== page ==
Yesterday on 60 Minutes, in an interview at the auto show in Detroit, Michigan, President Biden stated: “The pandemic is over. We still have a problem with COVID. We’re still doing a lotta work on it. But the pandemic is over.” His pronouncement caught the U.S. public health community, and even some administration officials, off guard. In the hours that followed, science commentators were scrambling to understand the basis for his conclusion that there is no longer a pandemic.
To be fair, as Boghuma Kabisen Titanji, infectious disease physician at Emory, said, “the epidemiology and public health text books don’t really say how one determines when a pandemic has ended.” The end of a pandemic is not like a light switch going off. It is not a discrete moment in time, but more of a process—one that can be messy and highly contested. What President Biden’s declaration suggests is that a pandemic’s “end” is not determined solely by science or public health data, but involves social and political considerations.
The classic definition of a pandemic, from John Last’s A Dictionary of Epidemiology, arguably the “Bible” of public health terminology, is: “an epidemic occurring worldwide, or over a very wide area, crossing international boundaries and usually affecting a large number of people.” By this definition, it would be very difficult to conclude that the COVID-19 pandemic has ended.
Yesterday, 481,326 new cases and 1,789 deaths were reported worldwide. The World Health Organization still categorizes COVID-19 as a pandemic, although its Director General, Tedros Adhanom Ghebreyesus, said last week that “the end is in sight,” noting that daily deaths worldwide are at their lowest level since the pandemic began.
Perhaps President Biden was referring specifically to the U.S.? Yet an analysis last week by CBS News found that U.S. COVID-19 deaths were averaging 478 per day, “higher than in July 2021 when the average was 168 deaths per day and also higher than in June 2022 when the average was 258 deaths per day.”
An average of around 400-500 daily deaths does not indicate an end to the pandemic phase in the US. As I’ve argued before, the US cannot eliminate COVID-19 (elimination means there would be no new cases of the disease within our borders). We also cannot drive deaths down to zero, given that there will always be vulnerable people, especially among older Americans, and while our scientific tools for preventing death—vaccines, antivirals, and monoclonal antibodies—are highly effective, they are not 100% effective. But we certainly can achieve “low endemic levels”—in which there are low levels of severe illness, hospitalization, and deaths, perhaps with seasonal peaks. This scenario is akin to flu, which we strive to keep at low endemic levels, including through flu vaccination. (The CDC estimates that flu killed 12,000-52,000 people a year between 2010 and 2020, which we could drive down further by expanding access to annual flu vaccines.)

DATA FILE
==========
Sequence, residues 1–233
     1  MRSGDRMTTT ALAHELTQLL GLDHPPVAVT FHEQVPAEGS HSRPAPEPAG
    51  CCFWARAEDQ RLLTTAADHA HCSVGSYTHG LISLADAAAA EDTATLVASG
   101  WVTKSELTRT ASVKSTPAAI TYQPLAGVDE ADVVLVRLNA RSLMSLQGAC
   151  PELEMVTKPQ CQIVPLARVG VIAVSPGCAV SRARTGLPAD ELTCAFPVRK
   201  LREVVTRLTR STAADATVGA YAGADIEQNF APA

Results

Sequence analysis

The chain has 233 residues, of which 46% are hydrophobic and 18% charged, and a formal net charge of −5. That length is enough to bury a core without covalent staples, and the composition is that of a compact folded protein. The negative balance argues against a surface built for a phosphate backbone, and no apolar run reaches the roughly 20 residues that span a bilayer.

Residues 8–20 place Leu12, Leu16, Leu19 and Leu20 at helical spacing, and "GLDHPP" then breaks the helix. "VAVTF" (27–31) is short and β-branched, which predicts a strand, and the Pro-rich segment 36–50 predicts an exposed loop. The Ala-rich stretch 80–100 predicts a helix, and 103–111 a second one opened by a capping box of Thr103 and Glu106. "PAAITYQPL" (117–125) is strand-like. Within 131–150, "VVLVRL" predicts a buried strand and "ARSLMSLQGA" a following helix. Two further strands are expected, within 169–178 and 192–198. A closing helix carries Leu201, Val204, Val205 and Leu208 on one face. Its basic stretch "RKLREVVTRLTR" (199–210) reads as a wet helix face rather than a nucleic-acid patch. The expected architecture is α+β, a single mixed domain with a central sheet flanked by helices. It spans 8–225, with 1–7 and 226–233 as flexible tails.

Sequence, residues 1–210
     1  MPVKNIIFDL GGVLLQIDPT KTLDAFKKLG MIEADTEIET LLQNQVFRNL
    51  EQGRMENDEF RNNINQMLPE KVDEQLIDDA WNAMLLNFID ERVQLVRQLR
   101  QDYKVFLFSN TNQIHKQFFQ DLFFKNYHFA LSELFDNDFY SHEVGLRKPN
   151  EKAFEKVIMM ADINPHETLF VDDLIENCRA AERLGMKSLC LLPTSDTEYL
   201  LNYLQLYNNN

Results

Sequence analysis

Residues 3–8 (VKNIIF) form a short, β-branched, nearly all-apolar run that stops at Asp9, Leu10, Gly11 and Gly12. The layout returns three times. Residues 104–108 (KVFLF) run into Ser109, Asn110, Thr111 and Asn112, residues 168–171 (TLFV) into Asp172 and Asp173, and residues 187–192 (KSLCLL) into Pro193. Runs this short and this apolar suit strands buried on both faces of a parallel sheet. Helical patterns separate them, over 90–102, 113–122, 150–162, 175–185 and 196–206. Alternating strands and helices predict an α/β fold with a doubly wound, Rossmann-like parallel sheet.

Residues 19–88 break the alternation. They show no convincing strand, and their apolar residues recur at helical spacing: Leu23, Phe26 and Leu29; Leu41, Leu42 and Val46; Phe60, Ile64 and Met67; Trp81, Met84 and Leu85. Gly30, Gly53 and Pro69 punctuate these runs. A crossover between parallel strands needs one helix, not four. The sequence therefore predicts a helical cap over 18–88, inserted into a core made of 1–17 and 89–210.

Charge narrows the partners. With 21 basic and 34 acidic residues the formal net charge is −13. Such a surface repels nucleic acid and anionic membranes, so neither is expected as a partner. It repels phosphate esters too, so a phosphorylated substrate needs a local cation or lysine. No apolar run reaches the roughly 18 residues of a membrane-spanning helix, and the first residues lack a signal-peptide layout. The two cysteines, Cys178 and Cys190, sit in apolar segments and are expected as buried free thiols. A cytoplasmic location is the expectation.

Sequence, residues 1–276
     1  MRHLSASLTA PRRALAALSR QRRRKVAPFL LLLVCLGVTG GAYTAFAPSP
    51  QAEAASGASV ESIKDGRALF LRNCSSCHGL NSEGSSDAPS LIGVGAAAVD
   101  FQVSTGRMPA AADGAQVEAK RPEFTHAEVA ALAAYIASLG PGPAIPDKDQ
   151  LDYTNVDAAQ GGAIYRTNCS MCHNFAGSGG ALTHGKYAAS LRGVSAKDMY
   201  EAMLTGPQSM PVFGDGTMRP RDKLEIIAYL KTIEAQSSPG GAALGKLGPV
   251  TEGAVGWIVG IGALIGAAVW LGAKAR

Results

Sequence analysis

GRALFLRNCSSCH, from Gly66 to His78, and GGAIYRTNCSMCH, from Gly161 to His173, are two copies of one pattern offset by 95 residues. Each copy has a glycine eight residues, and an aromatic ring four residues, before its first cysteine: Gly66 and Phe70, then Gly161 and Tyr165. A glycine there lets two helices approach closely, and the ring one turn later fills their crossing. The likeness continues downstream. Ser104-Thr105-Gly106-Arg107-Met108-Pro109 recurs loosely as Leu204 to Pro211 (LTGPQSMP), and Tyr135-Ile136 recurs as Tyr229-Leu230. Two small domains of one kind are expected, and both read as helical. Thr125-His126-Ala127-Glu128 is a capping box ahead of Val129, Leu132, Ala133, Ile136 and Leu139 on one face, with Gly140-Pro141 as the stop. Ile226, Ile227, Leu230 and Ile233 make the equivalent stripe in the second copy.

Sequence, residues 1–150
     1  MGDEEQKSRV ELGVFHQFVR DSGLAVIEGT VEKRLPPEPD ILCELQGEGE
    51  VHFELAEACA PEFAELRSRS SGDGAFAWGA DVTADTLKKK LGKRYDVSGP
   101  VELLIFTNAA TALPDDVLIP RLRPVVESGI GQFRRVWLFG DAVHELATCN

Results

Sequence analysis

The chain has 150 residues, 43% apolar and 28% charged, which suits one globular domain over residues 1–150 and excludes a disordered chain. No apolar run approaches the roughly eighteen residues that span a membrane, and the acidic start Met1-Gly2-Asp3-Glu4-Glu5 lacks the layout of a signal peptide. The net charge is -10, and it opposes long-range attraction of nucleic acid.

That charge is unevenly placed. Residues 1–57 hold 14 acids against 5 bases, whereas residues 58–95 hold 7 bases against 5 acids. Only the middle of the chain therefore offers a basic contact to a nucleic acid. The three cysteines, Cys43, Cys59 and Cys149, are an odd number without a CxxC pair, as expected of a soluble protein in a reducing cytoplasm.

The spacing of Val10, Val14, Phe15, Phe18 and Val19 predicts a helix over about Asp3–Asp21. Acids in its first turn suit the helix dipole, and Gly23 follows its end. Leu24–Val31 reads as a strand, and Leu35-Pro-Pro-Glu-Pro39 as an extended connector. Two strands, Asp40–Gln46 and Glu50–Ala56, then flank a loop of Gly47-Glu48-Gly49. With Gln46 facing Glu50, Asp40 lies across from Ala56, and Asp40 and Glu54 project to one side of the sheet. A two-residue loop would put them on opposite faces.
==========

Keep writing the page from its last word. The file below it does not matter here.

Determining when America has transitioned out of the pandemic phase of COVID-19 to a “low endemic” phase would ideally be done through an inclusive, participatory process. Ole Norheim and colleagues at the University of Bergen, Norway have argued that such a process—involving, for example, hearings, town halls, and citizen panels, “can contribute to more trustworthy and legitimate decisions on difficult ethical questions and political trade-offs during the pandemic and beyond.” There would have been less consternation about President Biden’s 60 Minutes interview if he’d brought scientists and the broader public into his deliberations. It is unclear whether President Biden even consulted his own administration colleagues, let alone the wider community, in his determination that the pandemic is done.
But the major problem with the President saying the pandemic is “over” is that it could impede our efforts to reach low endemic levels. For example, Congress is less likely to renew funding for COVID-19 measures if the pandemic has “ended.” And the public may hear the message that COVID-19 is “done” and be less likely to get the new bivalent booster—the first vaccine tailored to the current virus variants. The current US burden of illness, hospitalizations, deaths, and Long Covid can and should be driven down before declaring that “the job is done.” There are many ways in which we can achieve this, including tackling the stark inequity in the U.S. and worldwide in access to vaccines, boosters, and antiviral therapies like Paxlovid and Evusheld. Getting boosters to older Americans is an extremely high priority for averting preventable deaths.
We are not yet at low endemic levels—but these are within our grasp. Only then can we declare the pandemic over. Until then, there is much work to do.
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